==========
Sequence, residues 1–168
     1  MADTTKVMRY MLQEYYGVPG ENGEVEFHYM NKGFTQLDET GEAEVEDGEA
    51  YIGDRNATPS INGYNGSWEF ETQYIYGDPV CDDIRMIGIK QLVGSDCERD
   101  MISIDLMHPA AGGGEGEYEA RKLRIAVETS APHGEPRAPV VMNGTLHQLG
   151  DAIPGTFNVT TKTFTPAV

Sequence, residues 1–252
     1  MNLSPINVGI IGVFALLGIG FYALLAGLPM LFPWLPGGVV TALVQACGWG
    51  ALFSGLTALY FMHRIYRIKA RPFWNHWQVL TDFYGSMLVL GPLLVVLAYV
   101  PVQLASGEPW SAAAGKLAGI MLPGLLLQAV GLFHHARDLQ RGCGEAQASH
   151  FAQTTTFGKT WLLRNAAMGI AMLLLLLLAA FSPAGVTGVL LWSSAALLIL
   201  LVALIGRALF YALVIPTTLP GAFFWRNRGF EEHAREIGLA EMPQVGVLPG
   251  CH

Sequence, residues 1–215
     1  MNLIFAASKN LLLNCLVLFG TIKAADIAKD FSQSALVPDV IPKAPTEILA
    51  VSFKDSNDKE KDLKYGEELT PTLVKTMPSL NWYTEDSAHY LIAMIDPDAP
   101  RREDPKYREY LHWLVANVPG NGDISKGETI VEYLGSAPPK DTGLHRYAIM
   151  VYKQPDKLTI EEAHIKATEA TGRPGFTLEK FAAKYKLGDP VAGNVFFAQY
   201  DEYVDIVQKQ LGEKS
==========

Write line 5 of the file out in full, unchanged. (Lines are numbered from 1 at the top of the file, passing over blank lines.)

   151  DAIPGTFNVT TKTFTPAV